Stephen Ross, a 33 year old male from Hong Kong asks on October 11, 2001,1) Which of the following two options is more widely accepted by the scientific community? a) Elementary particles actually exist in quantum states prior to observation. If so what experiments have validated this theory. b)Elementary particles have unknowable states prior to observation, yet the states are thought to be fully determined. 2)In the Standard Model the electromagnetic force, nuclear forces and gravity are the result of exchanged Force Carrier Particles such as gluons, photons, W particles, Z particles, and the as yet undiscovered graviton. How does one particle know in advance where the other particle is before it fires a FCP at it? Is one of the particles more likely to fire the FCP than the other? What would happen if they both fired an FCP at the same time, would the FCPs collide, annihilate or tunnel through each other? 3) Has there been any research into a theory that considers space-time and matter to be different aspects of the same phenomena. For example, has any theory been researched that considers matter and photons to be ‘pressure wave packet oscillations’ in an elastic space fabric or an elastic space-time fabric? A sort of potential energy field where empty space is regions of uniform potential but matter and photons are localised regions in the field that contain wave packets in simple harmonic motion similar to water balloons in zero gravity. Would the ‘elasticity’ of such a space-time fabric determine the speed of light? Could matter, antimatter, and photon nature be the result of each wave packets shape, symmetry, or other wave properties? 4) In Young’s double slit diffraction using individual photons or electrons the particles seem to ‘know’ about the existence of ‘the other slit’. If many individual particles are fired at the grating they build up the same two slit diffraction pattern as would a constant stream of particles. If the particles are actually waves as described in 3) could the various phases of the individual wave packets as they interact with the slits give rise to the different, diffracted result positions, or could the lateral displacement of the wave packet relative to the double slits give rise to its final resulting position, or, could it be a combination of both? 5) If the answer to question 1) were b), wouldn’t this reduce the nature of reality to being just a static pattern of matter/energy in a space-time matrix. How could consciousness arise out of such a model, even if you accept that the pattern as viewed from the time domain would give rise to particles that form structures that exhibit automata behaviour. 6) Do the superstring theories not include quantum states of particles (ie Q1, a)? If so doesn’t the same problem as Q5 apply? 7) If the static-pattern-in-potential-energy-spacetime-field-matrix concept is considered correct, and consciousness can be shown to arise from it, would it be considered fractal in nature? Has research been done along the lines of this idea? If so what was found? 8) I heard once that Feyman commented that if particles didn’t exist and everything was considered waves then most of the major problem in Physics would be removed. Is this correct? If so when/where did he say it, what did he mean and has any research been directed along these lines? If it is too much trouble for you to answer all these questions in detail could you please point me in the right direction to look for answers on the web, ie experiment names, key scientists, web sites or subject titles.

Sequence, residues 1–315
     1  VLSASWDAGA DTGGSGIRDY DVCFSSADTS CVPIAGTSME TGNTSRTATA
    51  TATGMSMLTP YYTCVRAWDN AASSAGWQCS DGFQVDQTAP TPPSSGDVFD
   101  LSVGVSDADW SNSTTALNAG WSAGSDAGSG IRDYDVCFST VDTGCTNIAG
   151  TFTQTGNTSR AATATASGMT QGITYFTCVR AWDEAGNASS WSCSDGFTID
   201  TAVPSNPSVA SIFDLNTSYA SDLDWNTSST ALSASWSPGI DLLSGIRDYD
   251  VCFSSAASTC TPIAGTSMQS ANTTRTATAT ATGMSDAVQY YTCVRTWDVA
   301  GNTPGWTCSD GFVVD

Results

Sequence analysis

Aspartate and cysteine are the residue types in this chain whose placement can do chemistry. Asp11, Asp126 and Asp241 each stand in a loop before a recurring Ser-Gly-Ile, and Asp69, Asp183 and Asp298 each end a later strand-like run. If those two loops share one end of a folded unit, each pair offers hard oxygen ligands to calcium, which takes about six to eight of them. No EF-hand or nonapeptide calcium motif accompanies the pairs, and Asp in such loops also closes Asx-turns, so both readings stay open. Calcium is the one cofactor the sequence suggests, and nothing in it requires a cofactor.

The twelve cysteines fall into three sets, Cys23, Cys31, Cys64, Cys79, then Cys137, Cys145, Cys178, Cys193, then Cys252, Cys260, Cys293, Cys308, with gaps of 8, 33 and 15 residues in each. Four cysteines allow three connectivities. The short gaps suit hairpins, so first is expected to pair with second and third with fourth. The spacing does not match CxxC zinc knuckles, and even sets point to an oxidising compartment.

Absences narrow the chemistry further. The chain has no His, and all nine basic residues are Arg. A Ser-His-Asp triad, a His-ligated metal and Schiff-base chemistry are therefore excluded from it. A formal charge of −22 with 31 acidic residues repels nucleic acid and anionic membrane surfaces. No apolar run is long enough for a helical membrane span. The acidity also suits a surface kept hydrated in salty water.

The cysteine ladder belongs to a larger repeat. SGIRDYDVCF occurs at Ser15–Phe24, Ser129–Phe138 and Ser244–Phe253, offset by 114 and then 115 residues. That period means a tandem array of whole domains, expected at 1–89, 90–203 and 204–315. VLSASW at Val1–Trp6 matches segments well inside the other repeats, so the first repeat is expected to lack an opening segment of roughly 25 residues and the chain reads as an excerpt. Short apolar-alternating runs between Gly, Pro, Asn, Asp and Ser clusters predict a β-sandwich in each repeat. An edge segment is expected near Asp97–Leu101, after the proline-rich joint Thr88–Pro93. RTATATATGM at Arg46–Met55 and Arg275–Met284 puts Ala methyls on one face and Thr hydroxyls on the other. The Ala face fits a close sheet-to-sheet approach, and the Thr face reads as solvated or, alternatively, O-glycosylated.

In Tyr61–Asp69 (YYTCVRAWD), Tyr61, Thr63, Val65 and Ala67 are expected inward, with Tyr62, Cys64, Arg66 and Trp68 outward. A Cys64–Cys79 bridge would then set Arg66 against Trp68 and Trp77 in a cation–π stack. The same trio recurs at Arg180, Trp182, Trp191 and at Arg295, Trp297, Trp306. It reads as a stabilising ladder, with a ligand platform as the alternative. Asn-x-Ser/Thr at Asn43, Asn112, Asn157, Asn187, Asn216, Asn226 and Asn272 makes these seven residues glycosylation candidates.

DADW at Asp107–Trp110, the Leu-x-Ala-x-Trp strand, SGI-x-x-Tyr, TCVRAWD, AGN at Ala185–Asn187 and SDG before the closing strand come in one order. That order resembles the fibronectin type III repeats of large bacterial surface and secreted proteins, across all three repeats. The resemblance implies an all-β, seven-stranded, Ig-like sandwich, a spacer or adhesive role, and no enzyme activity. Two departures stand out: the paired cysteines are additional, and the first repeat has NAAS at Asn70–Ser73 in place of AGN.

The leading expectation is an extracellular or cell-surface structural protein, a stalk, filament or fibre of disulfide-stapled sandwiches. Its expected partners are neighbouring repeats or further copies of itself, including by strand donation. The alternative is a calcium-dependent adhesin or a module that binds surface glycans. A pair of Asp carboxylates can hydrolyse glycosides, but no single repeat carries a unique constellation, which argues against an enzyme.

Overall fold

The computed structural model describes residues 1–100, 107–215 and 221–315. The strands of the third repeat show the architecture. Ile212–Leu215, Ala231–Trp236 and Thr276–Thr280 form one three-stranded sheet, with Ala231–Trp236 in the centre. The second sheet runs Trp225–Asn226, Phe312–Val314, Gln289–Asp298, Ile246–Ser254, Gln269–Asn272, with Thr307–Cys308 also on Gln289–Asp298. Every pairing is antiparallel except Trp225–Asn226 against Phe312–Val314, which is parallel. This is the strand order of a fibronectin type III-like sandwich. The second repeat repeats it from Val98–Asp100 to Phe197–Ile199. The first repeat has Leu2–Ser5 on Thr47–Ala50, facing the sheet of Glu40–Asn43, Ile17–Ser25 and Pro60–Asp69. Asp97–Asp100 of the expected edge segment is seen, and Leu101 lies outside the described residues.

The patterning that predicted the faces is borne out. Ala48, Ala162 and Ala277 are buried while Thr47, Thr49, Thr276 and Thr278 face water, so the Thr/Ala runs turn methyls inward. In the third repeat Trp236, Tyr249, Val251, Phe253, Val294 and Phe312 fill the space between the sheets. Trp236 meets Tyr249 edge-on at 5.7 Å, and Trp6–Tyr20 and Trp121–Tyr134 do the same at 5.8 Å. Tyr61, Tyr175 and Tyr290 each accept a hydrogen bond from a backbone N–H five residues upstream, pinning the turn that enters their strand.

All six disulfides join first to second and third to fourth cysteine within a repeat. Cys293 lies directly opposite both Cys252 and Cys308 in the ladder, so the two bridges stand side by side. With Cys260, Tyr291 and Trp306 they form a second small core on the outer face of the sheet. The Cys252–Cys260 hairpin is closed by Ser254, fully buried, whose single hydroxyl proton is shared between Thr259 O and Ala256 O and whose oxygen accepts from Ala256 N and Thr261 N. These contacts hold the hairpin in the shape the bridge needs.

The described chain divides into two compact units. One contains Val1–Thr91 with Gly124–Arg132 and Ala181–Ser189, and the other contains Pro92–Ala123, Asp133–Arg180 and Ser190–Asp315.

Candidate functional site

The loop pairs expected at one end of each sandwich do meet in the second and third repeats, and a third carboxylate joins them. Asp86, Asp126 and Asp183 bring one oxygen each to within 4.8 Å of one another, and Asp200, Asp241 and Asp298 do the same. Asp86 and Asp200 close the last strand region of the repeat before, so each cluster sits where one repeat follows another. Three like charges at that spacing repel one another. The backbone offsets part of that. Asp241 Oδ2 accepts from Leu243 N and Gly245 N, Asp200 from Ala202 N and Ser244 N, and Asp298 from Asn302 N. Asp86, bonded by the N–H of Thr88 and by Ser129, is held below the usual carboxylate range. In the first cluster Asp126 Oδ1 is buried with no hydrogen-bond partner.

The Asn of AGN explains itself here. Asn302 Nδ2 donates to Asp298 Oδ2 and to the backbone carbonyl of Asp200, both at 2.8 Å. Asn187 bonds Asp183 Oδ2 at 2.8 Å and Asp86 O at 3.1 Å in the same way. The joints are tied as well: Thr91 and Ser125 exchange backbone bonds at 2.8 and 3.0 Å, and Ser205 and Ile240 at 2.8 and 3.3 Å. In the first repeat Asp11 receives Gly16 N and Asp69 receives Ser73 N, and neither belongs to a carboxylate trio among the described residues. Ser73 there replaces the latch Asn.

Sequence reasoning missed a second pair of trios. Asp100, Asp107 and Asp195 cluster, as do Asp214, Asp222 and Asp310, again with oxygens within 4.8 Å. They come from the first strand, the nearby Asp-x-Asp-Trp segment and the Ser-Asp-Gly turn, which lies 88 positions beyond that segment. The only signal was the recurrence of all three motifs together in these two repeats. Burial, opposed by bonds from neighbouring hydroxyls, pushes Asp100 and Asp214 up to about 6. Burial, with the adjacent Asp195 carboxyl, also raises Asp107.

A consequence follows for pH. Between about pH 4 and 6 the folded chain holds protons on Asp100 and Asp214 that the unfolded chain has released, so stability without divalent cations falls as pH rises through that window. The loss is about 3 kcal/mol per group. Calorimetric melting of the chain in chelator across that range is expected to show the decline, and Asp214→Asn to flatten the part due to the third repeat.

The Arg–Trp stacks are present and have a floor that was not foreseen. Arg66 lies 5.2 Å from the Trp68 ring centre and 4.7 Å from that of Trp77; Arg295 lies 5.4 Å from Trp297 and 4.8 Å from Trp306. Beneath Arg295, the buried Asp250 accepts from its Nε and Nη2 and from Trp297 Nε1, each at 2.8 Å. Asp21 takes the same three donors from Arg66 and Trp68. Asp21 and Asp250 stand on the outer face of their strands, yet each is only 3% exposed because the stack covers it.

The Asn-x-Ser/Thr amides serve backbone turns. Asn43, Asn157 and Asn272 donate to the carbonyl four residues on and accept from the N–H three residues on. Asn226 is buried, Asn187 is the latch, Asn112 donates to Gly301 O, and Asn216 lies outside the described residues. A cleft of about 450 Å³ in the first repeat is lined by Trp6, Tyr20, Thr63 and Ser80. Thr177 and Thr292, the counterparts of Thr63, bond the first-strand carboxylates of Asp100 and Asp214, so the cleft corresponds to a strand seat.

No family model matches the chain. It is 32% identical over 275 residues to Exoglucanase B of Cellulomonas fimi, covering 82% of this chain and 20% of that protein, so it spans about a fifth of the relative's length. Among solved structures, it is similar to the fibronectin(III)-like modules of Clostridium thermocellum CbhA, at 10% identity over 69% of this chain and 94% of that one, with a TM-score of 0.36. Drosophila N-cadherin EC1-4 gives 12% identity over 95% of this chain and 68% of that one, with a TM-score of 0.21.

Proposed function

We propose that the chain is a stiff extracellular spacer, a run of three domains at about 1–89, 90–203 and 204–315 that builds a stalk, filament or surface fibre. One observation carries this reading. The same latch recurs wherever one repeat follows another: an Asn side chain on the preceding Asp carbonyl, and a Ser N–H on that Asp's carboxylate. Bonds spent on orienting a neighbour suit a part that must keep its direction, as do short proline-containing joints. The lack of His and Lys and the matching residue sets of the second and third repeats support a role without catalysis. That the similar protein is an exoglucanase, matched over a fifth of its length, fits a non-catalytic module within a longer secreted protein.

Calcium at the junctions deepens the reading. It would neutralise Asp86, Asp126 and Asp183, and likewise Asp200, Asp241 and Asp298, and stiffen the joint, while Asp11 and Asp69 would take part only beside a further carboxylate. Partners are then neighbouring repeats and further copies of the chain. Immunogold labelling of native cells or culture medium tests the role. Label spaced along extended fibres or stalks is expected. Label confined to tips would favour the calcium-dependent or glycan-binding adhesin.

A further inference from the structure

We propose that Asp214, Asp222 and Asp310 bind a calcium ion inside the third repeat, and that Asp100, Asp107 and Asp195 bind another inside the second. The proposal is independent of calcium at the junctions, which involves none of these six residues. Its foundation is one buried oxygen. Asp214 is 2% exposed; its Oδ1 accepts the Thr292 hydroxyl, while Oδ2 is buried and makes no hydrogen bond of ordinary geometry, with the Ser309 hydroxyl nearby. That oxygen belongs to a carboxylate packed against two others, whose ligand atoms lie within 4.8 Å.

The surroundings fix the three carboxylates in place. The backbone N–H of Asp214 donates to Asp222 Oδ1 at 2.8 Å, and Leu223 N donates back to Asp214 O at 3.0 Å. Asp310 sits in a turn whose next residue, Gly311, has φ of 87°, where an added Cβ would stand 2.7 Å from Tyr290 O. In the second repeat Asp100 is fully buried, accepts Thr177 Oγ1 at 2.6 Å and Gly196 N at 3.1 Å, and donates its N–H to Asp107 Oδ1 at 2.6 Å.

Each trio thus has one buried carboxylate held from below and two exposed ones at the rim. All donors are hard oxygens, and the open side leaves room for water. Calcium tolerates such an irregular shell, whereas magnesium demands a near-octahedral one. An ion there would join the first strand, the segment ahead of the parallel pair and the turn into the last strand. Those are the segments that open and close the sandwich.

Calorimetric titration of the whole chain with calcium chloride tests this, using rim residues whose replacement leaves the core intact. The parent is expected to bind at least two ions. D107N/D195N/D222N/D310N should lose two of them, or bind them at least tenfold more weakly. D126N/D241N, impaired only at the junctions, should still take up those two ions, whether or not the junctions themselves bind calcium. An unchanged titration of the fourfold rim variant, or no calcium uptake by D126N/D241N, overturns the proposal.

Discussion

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Whew! These are not the sort of questions one can rattle off tidy answers for; more like, "Take the following courses for a start...." But the questions do seem to be serious and non-"crackpot" so I am inviting Mark Halpern (who teaches 2nd year quantum mechanics at UBC) to take a shot. Many of the answers may be found in my Skeptic's Guide to Physics which I hope you will read. Some of the questions are of the "Come now, common sense dictates..." variety and have no answer that will satisfy anyone who believes that quantum mechanics should ultimately validate common sense. It doesn't. Common sense is wrong, because we and what we can see are too big and too slow to behave the way electrons do. Anyway most of those questions are too hard to answer in a reasonable time; major coursework may be required... In the meantime here are Mark Halpern's answers:
1. B is certainly NOT a description of the world we live in. This sort of hidden complete description comes under the heading "hidden variable theories", and gives predictions for simple experiments which do not occur.
2. I picture these exchange particles spreading out in all directions at once. Their density therefore drops with distance. That is why force strength typically drops off as the inverse of the square of the distance.
3. There are a number of efforts of this sort, but nothing with any real success. At this point, whether this approach might work is anyone's guess.
4. I am not sure I understand the question, but I think that single photons are distributed waves which travel through both slits. In fact they travel all over the apparatus. Any attempt to trace their path disturbs the phase of the part of the path which was checked and removes interference from that part of the pattern.
5. The answer to 1 is not b).
6. But question 5 does not apply to standard quantum mechanical systems.
7. No answer.
8. I never heard this remark, but it is certainly an interesting and important fact that the universe is composed of particles. I remember seeing the films of lectures Feynman gave at Cornell in which he pounds on the board and says, more or less: there you have it. Stuff acts like waves and comes in lumps, and that is the mystery of quantum mechanics.
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